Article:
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Our last minifigs scene has the most going on. There are a couple gold prospectors, and they have actually managed to find real gold, after blasting the mineshaft behind them. The scene comes with a nicely designed cactus, and also has..something on the ground. I really hope that’s dirt, but maybe there’s a good reason why he’s wearing a bandanna? He has a nice tan fedora, that’s common enough, and she has an almost ubiquitous Pirates/Kingdoms torso. Not hugely exciting overall, but nice enough.

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Included in the set are also a number of minifigs accessories, including some pith helmets and a shotgun.

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After all the scenes are built, there are naturally a couple of bits left over, including a spare red cape! :wub:

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So have you spotted it?

Yup, all the female minifigs faces are the same. But not only that! All the male minifigs faces are the same! Grrr.

The female minifig’s face, which lets be honest isn’t one of the best, is at least double sided. The male fig’s head has just one placid, passive expression. Here are comparison shots of the two Imperial soldiers to illustrate:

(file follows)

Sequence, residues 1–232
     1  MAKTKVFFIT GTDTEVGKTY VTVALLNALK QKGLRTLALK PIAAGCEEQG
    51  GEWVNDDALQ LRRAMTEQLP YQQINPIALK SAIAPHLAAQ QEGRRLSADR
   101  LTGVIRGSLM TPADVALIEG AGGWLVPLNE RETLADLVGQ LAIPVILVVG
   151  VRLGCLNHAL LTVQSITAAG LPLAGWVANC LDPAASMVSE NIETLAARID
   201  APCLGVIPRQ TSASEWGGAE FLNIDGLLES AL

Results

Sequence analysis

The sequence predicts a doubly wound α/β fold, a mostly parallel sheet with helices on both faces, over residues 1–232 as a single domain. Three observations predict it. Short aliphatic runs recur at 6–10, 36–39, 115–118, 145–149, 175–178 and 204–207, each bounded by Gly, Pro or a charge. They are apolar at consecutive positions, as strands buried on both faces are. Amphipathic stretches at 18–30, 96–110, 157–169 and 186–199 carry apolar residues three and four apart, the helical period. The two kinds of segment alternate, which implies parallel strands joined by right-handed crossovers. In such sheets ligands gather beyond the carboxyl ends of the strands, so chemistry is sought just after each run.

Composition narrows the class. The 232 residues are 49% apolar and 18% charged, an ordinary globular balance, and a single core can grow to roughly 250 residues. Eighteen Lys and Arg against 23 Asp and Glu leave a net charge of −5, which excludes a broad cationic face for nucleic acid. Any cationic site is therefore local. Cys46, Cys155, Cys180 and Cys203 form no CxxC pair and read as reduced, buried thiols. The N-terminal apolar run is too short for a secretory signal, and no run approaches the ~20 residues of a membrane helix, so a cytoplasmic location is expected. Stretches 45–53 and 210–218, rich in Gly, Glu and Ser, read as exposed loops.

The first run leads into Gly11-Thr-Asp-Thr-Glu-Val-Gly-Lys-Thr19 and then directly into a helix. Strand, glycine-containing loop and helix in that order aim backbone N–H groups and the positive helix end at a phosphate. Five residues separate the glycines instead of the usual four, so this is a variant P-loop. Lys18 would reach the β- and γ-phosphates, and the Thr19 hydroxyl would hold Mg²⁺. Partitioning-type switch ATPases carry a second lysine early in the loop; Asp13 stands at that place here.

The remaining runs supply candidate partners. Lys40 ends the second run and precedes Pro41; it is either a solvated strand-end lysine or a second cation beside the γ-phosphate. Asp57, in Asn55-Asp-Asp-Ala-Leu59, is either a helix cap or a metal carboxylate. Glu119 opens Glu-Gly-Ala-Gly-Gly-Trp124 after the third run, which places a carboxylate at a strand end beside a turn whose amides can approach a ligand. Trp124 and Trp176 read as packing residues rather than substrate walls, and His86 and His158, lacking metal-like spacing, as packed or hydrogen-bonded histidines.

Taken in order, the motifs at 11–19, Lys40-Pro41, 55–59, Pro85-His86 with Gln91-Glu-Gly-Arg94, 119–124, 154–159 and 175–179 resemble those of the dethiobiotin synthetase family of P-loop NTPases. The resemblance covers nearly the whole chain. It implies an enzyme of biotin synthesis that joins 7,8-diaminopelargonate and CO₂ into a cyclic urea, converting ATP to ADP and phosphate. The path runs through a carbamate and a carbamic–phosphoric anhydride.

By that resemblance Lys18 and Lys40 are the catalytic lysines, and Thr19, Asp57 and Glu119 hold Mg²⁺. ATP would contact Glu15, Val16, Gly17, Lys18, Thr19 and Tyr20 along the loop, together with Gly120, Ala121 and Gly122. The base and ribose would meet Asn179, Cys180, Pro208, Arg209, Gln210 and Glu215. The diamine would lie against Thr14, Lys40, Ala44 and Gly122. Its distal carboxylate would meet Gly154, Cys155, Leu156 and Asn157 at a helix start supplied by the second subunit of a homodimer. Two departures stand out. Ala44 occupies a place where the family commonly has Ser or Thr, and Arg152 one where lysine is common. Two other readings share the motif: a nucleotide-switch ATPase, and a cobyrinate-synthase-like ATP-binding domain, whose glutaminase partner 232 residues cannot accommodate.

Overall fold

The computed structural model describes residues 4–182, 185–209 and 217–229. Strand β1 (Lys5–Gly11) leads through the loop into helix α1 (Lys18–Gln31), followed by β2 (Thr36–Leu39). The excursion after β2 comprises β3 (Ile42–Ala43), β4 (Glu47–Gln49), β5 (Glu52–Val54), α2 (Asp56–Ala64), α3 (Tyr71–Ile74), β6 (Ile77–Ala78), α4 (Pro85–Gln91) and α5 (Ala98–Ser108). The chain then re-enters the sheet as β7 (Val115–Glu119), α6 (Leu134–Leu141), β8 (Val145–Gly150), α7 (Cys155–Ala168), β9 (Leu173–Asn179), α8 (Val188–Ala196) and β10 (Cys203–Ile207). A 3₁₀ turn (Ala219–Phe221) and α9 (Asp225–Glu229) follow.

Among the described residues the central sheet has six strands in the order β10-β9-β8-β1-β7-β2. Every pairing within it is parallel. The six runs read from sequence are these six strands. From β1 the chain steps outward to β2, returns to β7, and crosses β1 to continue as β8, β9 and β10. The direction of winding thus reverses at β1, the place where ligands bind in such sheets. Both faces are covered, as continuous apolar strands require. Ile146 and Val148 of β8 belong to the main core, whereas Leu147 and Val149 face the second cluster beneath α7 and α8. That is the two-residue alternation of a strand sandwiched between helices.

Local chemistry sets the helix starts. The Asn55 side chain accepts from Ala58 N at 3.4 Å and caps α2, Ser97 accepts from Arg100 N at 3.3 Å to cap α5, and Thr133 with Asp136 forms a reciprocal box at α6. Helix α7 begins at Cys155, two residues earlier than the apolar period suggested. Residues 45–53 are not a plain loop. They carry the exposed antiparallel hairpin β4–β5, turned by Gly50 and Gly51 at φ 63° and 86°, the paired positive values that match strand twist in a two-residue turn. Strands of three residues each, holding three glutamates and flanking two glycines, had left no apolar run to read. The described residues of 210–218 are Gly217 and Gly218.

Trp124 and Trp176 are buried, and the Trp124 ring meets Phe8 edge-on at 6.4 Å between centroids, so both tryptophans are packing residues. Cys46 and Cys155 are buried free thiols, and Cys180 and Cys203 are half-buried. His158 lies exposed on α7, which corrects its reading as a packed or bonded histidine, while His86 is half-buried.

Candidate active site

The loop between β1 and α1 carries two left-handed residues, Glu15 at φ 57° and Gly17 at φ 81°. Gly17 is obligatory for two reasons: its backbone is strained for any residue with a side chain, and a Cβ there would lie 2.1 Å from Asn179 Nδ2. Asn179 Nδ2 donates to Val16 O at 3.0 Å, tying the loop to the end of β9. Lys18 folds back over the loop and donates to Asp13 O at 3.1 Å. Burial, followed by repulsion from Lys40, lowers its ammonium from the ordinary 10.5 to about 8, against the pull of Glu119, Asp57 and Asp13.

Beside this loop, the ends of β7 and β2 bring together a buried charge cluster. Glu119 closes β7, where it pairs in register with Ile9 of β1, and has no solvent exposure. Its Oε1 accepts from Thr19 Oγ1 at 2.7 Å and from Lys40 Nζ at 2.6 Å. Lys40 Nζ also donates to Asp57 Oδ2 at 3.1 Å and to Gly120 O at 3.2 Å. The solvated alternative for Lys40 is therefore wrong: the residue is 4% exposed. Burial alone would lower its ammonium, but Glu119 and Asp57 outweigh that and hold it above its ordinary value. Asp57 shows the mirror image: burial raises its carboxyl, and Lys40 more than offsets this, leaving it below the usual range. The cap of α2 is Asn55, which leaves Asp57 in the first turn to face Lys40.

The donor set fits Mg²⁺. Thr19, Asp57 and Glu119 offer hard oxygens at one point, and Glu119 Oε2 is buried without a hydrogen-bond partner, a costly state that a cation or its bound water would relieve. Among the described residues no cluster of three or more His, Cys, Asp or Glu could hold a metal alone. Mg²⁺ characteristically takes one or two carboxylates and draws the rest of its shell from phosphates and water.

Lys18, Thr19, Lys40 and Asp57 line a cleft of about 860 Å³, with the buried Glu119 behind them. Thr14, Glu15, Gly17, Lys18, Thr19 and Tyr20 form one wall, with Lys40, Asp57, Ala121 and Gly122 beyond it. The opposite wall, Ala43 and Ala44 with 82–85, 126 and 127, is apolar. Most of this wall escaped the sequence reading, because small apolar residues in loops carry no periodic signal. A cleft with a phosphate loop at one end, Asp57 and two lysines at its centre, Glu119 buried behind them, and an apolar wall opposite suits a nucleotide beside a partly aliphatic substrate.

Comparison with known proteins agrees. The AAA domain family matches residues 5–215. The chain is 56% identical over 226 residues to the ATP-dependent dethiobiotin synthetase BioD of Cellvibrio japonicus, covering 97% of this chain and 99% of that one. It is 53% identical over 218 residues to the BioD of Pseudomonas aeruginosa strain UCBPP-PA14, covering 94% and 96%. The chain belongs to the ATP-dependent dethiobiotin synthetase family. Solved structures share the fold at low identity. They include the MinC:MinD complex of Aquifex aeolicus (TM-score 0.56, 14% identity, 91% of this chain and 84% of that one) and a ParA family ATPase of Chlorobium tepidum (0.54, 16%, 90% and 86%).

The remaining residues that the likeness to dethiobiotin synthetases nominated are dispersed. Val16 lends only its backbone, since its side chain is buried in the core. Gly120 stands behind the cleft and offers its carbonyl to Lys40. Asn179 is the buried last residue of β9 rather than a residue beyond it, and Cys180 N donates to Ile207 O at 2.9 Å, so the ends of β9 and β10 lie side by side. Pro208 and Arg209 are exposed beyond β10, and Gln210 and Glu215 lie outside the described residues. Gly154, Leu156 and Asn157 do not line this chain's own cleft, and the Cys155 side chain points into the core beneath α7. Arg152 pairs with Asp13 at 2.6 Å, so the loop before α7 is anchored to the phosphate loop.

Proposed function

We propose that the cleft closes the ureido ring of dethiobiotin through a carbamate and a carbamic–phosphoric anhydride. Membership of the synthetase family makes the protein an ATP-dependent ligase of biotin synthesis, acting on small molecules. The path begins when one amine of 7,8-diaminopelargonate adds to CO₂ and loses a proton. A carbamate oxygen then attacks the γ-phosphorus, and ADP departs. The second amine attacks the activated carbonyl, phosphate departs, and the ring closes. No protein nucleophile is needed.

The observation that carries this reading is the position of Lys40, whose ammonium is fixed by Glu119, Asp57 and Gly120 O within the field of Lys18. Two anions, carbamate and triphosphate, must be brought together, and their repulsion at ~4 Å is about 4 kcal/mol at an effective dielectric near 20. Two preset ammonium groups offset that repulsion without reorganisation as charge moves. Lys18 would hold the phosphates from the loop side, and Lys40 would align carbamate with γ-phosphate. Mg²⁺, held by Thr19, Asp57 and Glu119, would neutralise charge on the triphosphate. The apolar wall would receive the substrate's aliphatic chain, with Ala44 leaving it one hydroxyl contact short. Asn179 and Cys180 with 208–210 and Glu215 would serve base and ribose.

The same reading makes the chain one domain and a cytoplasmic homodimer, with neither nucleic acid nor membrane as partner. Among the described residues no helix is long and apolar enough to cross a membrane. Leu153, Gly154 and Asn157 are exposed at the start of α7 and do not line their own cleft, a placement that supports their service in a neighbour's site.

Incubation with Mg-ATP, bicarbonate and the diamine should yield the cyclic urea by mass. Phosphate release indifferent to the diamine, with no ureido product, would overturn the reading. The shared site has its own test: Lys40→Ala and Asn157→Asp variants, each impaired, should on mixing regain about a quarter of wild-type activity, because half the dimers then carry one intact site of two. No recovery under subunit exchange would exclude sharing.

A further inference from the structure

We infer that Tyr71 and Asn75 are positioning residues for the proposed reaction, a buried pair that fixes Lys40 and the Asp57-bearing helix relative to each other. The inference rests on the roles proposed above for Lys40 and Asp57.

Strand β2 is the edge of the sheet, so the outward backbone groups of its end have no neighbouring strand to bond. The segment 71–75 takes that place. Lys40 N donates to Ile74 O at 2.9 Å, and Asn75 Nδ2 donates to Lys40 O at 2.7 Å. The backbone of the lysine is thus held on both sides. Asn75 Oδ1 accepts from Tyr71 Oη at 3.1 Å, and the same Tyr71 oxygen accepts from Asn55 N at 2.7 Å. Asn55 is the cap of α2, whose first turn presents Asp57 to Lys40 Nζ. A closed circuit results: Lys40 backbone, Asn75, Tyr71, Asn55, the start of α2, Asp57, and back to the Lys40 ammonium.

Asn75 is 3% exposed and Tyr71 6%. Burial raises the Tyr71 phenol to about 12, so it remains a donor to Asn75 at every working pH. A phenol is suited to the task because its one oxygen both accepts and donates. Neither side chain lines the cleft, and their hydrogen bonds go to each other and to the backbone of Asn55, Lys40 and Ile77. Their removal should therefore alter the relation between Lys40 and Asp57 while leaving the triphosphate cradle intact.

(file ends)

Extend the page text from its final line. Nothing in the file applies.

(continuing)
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Here are all the girlies together, there are only 8 of them out of the 22 minifigures. You can see the same old face across the picture, maybe they’re all related?

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From the back, you can see a few of the ladies have printing on the reverse of their torsos, and it's a bit of a shame the Imperial soldier girl's double sided face is visible. A French Legionnaire type helmet, with a flap of material at the back would cover her annoyed and annoying face.

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There are 12 male figures in total (I've excluded counting the skeletons) and so I've split them into two groups for a closer look. Once again, the same bland expression listlessly gazes out.

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The reverse of these figures shows most of this group have some printing, but the wizard and merman remain disappointingly plain. I still don't understand why the wizard's torso is grey, not dark green.

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The second group of male figures are slightly more interesting to me (identical facial expressions notwithstanding). Here you can see the snake-charmers' Kingdoms torso more clearly, and the lovely gold printing on the pirate captain's torso.

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From the reverse, again most torsos are printed, but as with all the others, none of them are new. I'm not convinced the snake-charmers torso fits with the rest of his outfit. :sceptic:

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To show the set off as a whole, here's everyone together, with all their bits and pieces.

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Conclusion